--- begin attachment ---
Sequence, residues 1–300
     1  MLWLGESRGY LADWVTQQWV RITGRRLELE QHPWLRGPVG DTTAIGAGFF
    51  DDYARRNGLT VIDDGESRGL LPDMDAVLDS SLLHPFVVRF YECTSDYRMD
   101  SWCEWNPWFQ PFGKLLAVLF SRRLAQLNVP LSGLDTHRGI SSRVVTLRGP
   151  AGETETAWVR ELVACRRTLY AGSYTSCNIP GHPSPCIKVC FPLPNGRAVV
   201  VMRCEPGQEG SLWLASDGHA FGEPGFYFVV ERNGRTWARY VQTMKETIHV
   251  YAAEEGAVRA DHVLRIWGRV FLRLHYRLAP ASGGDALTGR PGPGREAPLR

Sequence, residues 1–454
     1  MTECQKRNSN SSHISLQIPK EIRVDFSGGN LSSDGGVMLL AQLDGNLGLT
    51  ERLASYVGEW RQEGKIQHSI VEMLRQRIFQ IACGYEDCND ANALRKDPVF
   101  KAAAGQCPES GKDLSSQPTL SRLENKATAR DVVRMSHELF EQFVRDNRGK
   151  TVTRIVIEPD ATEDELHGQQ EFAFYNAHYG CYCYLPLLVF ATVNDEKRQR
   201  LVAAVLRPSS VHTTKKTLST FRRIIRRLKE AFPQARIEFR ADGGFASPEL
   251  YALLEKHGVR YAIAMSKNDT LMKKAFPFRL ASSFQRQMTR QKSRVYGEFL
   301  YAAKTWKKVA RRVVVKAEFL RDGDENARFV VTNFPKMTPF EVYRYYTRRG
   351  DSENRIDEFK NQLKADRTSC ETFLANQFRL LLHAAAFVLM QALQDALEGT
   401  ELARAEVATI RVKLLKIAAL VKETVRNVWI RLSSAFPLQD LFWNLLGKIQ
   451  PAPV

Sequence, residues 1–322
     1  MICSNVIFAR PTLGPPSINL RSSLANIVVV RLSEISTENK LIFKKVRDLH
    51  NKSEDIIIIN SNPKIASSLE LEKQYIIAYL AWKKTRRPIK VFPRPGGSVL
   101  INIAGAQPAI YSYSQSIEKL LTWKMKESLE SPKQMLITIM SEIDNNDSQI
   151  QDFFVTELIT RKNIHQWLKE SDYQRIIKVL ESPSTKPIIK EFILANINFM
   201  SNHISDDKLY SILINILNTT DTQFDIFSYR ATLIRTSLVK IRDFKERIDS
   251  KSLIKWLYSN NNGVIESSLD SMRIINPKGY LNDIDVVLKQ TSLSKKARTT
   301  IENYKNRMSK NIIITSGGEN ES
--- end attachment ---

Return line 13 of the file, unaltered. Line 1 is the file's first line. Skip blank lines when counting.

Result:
   201  LVAAVLRPSS VHTTKKTLST FRRIIRRLKE AFPQARIEFR ADGGFASPEL